In Gooise Meren, you will find 13 churches and nearly 500 monuments. Not only can you walk from one monument to the other in the two fortified towns of Naarden and Muiden, but Bussum and Muiderberg also have some (sometimes well-hidden) monumental gems.
Monumental Gooise Meren
Not all churches and monuments are open to the public, but a number regularly organise events. The Kerk aan Zee in Muiderberg and the architecturally exceptional Spieghelkerk in Bussum, built in 1924 and designed by architect Theo Rueter, are open to the public and worth a visit.
The Grote Kerk (Sint-Nicolaaskerk) in Muiden still rings its bell every evening. This custom dates back to the time when Muiden had city gates. The bell was rung before the gates closed, signalling residents to go home for dinner. People often ate porridge for supper, hence the name porridge clock. The church is a late Gothic pseudo basilica from the early 15th century, the tower of which dates back to the 12th century.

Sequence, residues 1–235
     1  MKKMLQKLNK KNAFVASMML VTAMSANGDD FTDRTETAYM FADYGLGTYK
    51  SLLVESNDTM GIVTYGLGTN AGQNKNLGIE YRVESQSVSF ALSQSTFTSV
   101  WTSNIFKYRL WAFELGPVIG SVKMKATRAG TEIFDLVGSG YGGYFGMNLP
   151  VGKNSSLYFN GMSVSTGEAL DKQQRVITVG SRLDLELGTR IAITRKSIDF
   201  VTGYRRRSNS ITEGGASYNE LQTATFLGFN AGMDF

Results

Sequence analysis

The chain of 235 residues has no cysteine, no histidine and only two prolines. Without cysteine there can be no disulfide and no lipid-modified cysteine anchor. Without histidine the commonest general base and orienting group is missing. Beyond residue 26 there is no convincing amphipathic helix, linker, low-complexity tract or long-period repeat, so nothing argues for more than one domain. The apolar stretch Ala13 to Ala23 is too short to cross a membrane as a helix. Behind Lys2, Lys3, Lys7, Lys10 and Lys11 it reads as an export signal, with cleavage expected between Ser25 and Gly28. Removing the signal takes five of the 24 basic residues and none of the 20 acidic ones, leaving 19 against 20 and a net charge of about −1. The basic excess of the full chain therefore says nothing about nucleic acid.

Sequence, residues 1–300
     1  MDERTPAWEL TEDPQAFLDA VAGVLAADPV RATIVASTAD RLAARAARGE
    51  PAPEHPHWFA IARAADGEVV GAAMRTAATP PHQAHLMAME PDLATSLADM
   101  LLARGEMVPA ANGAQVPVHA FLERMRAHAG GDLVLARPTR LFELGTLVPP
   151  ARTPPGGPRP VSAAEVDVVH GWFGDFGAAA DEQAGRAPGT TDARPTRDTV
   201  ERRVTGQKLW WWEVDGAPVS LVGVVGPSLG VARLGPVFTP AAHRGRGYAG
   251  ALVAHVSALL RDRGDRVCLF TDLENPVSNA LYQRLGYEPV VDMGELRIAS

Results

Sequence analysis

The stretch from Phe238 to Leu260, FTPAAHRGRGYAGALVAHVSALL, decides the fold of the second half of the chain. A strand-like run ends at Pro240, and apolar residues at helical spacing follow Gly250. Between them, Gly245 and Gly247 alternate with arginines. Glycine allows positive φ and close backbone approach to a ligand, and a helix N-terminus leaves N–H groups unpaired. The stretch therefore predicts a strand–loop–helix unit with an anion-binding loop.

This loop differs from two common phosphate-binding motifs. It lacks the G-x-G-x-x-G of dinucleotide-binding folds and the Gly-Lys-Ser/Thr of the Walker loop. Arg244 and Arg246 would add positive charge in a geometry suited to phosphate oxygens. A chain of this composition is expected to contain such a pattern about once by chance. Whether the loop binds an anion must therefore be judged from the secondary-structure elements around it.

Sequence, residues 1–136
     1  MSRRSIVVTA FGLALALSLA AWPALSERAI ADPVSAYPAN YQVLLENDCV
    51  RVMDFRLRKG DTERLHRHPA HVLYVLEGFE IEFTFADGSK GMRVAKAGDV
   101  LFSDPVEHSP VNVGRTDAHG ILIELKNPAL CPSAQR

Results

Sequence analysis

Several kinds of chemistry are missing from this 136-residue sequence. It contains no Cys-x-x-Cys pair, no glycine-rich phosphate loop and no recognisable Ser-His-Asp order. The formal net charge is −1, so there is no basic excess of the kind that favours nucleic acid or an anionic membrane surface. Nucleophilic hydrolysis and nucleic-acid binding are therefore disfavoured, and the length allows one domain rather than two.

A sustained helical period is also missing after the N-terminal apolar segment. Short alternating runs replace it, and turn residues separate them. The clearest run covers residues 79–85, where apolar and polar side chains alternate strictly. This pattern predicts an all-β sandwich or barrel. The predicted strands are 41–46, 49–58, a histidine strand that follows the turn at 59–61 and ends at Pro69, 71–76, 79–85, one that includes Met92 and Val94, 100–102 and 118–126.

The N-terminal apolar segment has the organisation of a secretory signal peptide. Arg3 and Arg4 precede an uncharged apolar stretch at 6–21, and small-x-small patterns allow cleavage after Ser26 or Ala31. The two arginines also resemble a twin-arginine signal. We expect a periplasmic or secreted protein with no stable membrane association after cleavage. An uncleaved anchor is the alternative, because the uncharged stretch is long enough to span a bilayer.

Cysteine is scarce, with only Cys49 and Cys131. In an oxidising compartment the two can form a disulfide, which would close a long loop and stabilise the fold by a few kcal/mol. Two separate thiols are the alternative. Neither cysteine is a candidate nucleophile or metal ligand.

All monuments have their offer and their own story.View our overview
Much heritage is protected as a national, provincial or municipal monument. Most locations have given a contemporary interpretation to the activities. For example, exhibitions, concerts or performances are regularly organised in the Grote Kerk in Naarden. The Redeemer Church in Bussum will be given a new meaning with events and workshops for the young and the old. At the Jewish Cemetery in Muiderberg, you can learn more about the Jewish religion and ideas. Muiden has also found a new destination for several monumental buildings; for example, the Muiderslot has the oldest stage in the Netherlands, and many activities are organised in the barracks of Muiden.